Can You Tell the Difference Between a Medium Format Camera and a Cellphone?

The cameras in phones have come a long way, but can they stack up against the best of the best? When they both have over 100 megapixels, do they compare?

Cellphone cameras have come a long way since the Kyocera VP-210 (The first commercially availible cellphone with a camera), and with the help of computational photography making them reach even greater heights thanks to HDR, night mode, and the like. While 12 megapixels seems to be about average some phones, like the Samsung Note 20 Ultra I will be using in this comparison, have upwards of a whopping 108 megapixels on the “standard” lens. And that got me thinking, just how good have cellphone cameras become? What is holding cellphone cameras back, if anything?

I was recently sent the Fujifilm GFX100 and 30mm f/3.5 to review, which is coming soon, and felt it was a perfect combo to compare to my Note 20. The Note 20 has a full frame equivalent of 26mm at 108 megapixels, while the GFX and 30mm combo is 24mm full frame equivalent at 102 megapixels. This is just for fun, and not to be taken seriously in any way.

The Images

I wanted a mix of images for this comparison as the 24/26mm focal length is very versatile. However, as someone that mostly photographs people, I was definitely heavy on that front. I didn’t shoot any street images because, frankly, I’m trash as a street photographer. So the question is… Can you guess which is which? Answers will be written down below!

With this first image, I wanted to shoot something that has lots of detail, with all of the bricks and glass, and the wispy clouds in the sky, I feel that detail is one thing this photo doesn’t lack. Overall a nice, simple, image.

For the second image, I wanted to really push dynamic range, with deep shadows and the bright sky, and even some dappled light. I really like the leading line here, and you can see how the different camera lenses render the scene differently, with some parts stretched and others squished from distortion, or lack thereof.

This third photo I wanted to do something relatively editorial, and I have to say… I actually prefer the shot from the phone on this one! But the question is, which one is the phone, and which one is the Fuji, can you tell? The model for this shot is Lincoln Linker who killed it!

This shot, and the last shot, are probably the easiest shot to guess if you know what to look for. Starring Emerjade in an awesome Canadian tuxedo. Two shots left to go, then I’ll reveal the answers!

This penultimate shot was the hardest to expose, placing Emerjade right under the pink umbrella with the sun just off camera left made things very tough, even for the medium format GFX 100. The dynamic range in this photo was extreme but both cameras, in the end, held their own.

And our last photo, something simple and symmetrical. Another easy shot if you know what to look for!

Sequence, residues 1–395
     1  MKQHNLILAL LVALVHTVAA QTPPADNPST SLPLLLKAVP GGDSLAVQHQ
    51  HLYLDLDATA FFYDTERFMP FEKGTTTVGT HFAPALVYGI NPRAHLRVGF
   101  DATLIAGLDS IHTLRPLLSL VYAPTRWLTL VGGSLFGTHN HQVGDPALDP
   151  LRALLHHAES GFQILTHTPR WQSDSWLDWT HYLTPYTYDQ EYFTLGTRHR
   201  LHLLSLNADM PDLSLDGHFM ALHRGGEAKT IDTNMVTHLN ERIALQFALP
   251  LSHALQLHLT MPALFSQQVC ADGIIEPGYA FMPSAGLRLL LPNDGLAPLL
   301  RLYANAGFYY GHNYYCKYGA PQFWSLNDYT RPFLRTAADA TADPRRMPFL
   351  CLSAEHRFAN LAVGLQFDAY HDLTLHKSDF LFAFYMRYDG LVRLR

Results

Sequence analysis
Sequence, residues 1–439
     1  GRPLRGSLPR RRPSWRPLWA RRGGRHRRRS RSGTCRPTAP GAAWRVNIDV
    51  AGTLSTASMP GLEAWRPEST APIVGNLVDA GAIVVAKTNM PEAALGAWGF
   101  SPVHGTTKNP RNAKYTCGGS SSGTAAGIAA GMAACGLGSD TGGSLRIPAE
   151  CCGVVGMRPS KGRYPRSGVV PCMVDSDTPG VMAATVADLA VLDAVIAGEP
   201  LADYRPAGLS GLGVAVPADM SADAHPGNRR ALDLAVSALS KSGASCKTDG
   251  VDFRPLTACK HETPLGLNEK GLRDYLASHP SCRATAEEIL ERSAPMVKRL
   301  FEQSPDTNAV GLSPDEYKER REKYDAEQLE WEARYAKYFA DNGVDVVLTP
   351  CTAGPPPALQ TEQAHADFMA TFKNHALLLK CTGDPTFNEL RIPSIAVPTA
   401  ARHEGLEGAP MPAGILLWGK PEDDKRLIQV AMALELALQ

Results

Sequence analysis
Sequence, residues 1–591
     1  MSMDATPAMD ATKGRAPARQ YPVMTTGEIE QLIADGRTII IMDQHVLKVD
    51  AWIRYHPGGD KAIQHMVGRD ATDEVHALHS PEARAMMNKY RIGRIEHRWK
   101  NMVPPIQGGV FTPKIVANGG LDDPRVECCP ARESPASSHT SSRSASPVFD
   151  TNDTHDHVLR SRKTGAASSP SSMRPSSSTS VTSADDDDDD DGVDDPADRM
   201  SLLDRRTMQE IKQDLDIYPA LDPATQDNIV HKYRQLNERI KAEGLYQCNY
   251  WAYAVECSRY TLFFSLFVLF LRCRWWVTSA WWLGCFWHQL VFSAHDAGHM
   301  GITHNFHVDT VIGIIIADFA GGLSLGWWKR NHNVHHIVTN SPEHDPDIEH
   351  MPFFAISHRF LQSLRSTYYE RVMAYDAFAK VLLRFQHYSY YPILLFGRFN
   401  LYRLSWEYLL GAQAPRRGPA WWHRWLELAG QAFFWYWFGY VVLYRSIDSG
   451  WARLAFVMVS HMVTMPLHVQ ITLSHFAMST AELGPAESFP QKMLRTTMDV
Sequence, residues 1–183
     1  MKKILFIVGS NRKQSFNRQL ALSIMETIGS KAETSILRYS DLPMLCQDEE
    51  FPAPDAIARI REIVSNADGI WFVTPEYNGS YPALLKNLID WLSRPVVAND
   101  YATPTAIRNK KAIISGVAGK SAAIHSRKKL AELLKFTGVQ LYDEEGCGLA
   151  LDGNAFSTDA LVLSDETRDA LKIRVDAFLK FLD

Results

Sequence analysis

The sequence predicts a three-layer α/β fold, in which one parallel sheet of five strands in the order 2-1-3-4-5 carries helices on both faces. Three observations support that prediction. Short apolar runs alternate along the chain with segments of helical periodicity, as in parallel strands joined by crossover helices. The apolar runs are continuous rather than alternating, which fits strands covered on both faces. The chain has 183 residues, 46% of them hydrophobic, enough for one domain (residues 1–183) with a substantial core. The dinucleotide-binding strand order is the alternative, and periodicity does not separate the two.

The Answers

Here are the answers, how many did you get right?

Shot 1: Left – GFX, Right – Note 20 Ultra

Shot 2: Left – GFX, Right – Note 20 Ultra

Shot 3: Left – Note 20 Ultra, Right – GFX

Shot 4: Left – GFX, Right – Note 20 Ultra

Shot 5: Left – Note 20 Ultra, Right – GFX

Shot 6: Left – Note 20 Ultra, Right – GFX


There are a few things that give away different shots. For one, Samsung really likes to over sharpen their images, so for example, in shot 6 the trees, and shot 3 in Emerjade’s jeans, you can really see the over sharpening. On the Note 20 Ultra, in the 108 megapixel mode you are also locked to jpg, with no raw option. The lack of raw, coupled with Samsung’s over-processing means that when it comes to cropping in too far, or editing too much the image breaks apart rapidly.

There is also the matter of resolving power. While the GFX and Note 20 can both take fantastic images, things break apart when you try to zoom in. I think this is simply because a plastic lens just cannot resolve that much detail, especially on a sensor that small. In order for the cameras to be able to be truly comparable, we would need raw output of the full 108 megapixels, as well as real, high quality, glass lenses. 

In the 100% crops, you can see, very easily, which image belongs to the Samsung, and which belongs to the Fujifilm. The Samsung image is full of this wormy noise, and lacks the true resolving power of the fantastic GFX 30mm (Review coming soon). Because of this, Samsung over-sharpens the image to try and compensate for the lack of detail, and it looks fine most of the time, but if you zoom in too far, things break apart.


Overall, I think that this little test really shows that Chase Jarvis was right when he said “The best camera you have is the one you have with you.” While the 100 megapixels of the Note 20 Ultra is really more like 50 when you account for resolving power, it’s a fantastic camera but I think I’ll use it more in the 12 megapixel pixel binned mode. 

Something I noticed was that on top of the high megapixels, the dynamic range of the Samsung actually overpowered that of the Fuji. You can see this best in image number five, in which the sky is totally blown out on the GFX, and the detail is still there on the Note 20 thanks to the automatic HDR and the computational photography, and all of the behind the scenes magic that we take for granted on our cellphones. 

While cellphones have computational photography on their side, mirrorless cameras and DSLRs have interchangeable, glass lenses, bigger sensors, full raw capability, the ability to easily use flash, etc., so it’s not necessarily apples to apples.

How did you do? Did you guess all of the images right, or did you get some wrong? What do you think of the advancements cellphones have made? Sound off in the comments below!


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